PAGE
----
Sweet and Sour Orange Marmalade Shrimp

This dish conjured up all sorts of culinary memories for me. The sticky, sweet and sour, slightly salty sauce reminded me of the westernized Chinese food I occasionally got to enjoy as a kid. Working with lovely, pink-hued Argentine shrimp brought me right back to the excitement I felt as I learned to cook seafood in my late teens. Shrimp are so easy to prepare and serve – the one caution I would offer is not to overcook them. Coating them in cornstarch before a very quick trip through the frying pan is a great way to make shrimp both tender and crispy. I encourage you to look for Argentine pink (or red) shrimp; aside from their unique colour, they have a great texture and a sweet flavour that reminds me a little of lobster. These shrimp are best served over rice.

Orange marmalade is a great base for this sweet-and-sour, sticky and slightly salty sauce - a perfect flavour combination for tender, buttery-tasting shrimp.

Orange marmalade is a great base for this sweet-and-sour, sticky and slightly salty sauce – a perfect flavour combination for tender, buttery-tasting shrimp.

Ingredients

  • 1/4 cup (60 mL) freshly squeezed orange juice
  • 3/4 teaspoon (3.5 mL) cornstarch
  • 2 teaspoons (10 mL) canola oil
  • 1 teaspoon (5 mL) finely grated orange zest
  • 1 clove garlic, minced
  • 1 teaspoon (5 mL) finely grated gingerroot
  • 2 green onions, thinly sliced
  • 1/4 teaspoon (1.25 mL) dried red pepper flakes – or more, to taste
  • 1/3 cup (90 mL) orange marmalade
  • 2 teaspoons (10 mL) honey
  • 1 tablespoon (15 mL) soy sauce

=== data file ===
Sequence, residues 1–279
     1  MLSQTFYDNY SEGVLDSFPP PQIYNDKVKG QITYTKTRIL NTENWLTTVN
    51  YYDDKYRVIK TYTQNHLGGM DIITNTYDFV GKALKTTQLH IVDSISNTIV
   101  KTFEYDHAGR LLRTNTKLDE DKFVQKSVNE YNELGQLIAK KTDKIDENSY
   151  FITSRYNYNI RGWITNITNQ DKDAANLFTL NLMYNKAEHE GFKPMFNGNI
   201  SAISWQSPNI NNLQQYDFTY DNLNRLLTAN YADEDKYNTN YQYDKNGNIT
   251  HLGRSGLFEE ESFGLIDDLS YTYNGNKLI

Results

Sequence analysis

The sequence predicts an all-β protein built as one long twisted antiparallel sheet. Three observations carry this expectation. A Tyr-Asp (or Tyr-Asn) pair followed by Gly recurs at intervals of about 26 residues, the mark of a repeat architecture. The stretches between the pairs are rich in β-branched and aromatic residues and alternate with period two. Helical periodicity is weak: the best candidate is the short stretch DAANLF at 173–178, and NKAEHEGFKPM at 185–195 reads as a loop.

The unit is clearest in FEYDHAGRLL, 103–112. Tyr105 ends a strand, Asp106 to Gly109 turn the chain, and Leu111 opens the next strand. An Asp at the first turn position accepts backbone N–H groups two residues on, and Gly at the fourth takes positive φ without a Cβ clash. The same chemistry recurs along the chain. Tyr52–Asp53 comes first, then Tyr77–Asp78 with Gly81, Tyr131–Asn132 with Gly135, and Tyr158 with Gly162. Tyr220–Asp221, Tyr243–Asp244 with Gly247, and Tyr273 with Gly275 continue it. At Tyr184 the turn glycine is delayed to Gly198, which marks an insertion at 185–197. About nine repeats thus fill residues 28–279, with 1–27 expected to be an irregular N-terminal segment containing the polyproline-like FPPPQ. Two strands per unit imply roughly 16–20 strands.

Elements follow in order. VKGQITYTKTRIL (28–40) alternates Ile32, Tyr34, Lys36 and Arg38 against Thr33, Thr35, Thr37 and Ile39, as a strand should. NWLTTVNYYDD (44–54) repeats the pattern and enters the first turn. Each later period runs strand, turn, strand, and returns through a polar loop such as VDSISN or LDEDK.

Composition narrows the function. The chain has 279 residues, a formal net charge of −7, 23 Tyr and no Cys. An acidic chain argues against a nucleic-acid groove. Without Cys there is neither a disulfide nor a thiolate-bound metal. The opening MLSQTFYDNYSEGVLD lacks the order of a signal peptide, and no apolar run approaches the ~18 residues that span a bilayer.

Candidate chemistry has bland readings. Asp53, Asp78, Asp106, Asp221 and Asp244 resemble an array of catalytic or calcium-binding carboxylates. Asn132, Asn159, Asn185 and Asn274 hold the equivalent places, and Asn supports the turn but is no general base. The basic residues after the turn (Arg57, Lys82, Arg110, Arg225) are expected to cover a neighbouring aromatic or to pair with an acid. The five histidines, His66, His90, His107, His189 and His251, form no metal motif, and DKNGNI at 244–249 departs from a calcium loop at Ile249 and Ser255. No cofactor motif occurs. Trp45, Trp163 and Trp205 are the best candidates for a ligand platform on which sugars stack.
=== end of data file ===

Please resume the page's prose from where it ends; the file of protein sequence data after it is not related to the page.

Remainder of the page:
• 1/3 cup (90 mL) cornstarch
  • Pinch salt
  • 1 pound (454 g) Argentine pink shrimp, thawed, peeled and dried on a paper towel
  • 1/4 cup (60 mL) canola oil
  • Garnishes: Sesame seeds, additional sliced green onion tops and grated orange zest
At first glance, raw Argentine shrimp might appear to be cooked, thanks to their pink hue, but the flesh will turn more opaque and shrimp will curl up as they are cooked. Note that these tender, flavourful shrimp cook more quickly than other varieties.

At first glance, raw Argentine shrimp might appear to be cooked, thanks to their pink hue, but the flesh will turn more opaque and shrimp will curl up as they are cooked. Note that these tender, flavourful shrimp cook more quickly than other varieties.

Method

  • In a small bowl, combine the orange juice and 3/4 teaspoon of cornstarch, stirring until mixture is smooth. Set aside.
  • Heat the 2 teaspoons of canola oil in medium pan or skillet over medium heat. When it is warm, add the orange zest, garlic, ginger, green onions and pepper flakes. Cook, stirring constantly, for one minute.
  • Add marmalade, honey and soy sauce to the spice mixture and cook, stirring, until it is bubbling (about a minute).
  • Give the orange juice and cornstarch mixture a quick stir and add it to the marmalade mixture. Cook, stirring constantly, until the sauce has thickened (about 1 – 2 minutes).
  • Remove sauce from heat and cover pan to keep warm.
  • Place the 1/3 cup cornstarch in a clean plastic bag with the pinch of salt. Add dry shrimp to the bag and twist bag closed. Shake gently to thoroughly coat the shrimp with cornstarch.
  • Heat remaining canola oil in very large frying pan or wok over medium heat until shimmering. Fry shrimp for about 2 – 3 minutes, flipping once, until they are darker in colour and have curled up a bit.
  • Quickly drain shrimp on a paper towel lined plate then add them to pan with the marmalade sauce and toss gently to combine.
  • Divide the shrimp among two serving plates which each have a bed of rice on them.
  • Garnish with sesame seeds, sliced green onions and grated orange zest.

Serves 2.

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About Paula Roy

Welcome to my kitchen! I play with words and with food. I love simple dishes prepared with passion and am always seeking to find new methods to make food as fun and flavourful as possible. I'm also an enthusiastic explorer of faraway lands and cuisines.
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